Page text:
The Influence of Advection on the Spatial Variability of Nutrient Concentrations on the Texas Louisiana Continental-Shelf


1993 Feb


Sahl LE
Merrell WJ
Biggs DC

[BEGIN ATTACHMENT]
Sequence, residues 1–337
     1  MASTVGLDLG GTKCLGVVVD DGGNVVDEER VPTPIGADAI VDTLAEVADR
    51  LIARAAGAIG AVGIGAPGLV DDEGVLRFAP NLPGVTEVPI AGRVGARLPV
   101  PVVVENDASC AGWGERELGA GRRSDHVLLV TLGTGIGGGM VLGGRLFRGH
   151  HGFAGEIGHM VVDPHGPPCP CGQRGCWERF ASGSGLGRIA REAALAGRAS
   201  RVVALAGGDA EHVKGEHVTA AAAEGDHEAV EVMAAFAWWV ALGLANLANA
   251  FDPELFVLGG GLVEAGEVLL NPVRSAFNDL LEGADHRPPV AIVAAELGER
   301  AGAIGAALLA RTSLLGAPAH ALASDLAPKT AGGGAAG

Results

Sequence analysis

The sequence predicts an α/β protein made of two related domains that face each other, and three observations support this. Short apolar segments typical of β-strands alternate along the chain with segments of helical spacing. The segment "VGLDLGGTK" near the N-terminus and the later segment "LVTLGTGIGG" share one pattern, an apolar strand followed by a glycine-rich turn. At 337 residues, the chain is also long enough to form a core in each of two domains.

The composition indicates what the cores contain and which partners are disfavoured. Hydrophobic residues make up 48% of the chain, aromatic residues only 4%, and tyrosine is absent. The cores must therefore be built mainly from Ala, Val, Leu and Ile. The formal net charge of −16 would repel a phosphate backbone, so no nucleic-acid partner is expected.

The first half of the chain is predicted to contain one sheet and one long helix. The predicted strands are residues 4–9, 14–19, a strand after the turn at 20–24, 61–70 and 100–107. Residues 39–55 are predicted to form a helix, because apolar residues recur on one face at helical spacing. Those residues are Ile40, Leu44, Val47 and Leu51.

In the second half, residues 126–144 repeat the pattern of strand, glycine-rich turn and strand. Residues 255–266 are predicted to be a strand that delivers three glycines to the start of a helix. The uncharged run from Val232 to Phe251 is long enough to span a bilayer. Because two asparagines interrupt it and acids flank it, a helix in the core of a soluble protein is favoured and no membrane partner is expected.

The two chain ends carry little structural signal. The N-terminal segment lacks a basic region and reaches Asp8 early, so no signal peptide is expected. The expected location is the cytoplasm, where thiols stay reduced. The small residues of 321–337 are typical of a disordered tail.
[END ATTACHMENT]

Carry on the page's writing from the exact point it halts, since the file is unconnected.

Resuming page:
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Water column nutrient concentrations are presented for winter 1989 over the continental margin of the northwest Gulf of Mexico. Three physical processes advect waters of different nutrient concentrations onto the Texas-Louisiana shelf. These advection processes: (1) river discharge; (2) bay discharge; and (3) shelf-edge upwelling, influence the large-scale spatial variations of nutrient concentrations observed over the shelf. On the inner shelf near Atchafalaya Bay, river discharge injects high concentrations of silicate, phosphate, nitrate and nitrite into near surface water. Farther west, near Galveston and Port Aransas, inner shelf waters have high silicate and phosphate concentrations due to nutrient enrichment in the discharges from Galveston Bay and Corpus Christi Bay. Finally, upwelling at the shelf edge can introduce high nutrient midwater near the base of the mixed layer over the outer shelf. This upwelled water usually has higher silicate, phosphate and nitrate concentrations than those in the overlying surface water. However, if upwelled from below the nitrite maximum, the upwelled water can have quite low nitrite concentrations. The shelf edge upwelling is a result of bottom Ekman upwelling caused by a northeastward current on the outer shelf. At the shelf edge off Galveston the data show that upwelling was not occurring at the time of the study but dissolved oxygen saturation levels and nutrient concentrations show that it had occurred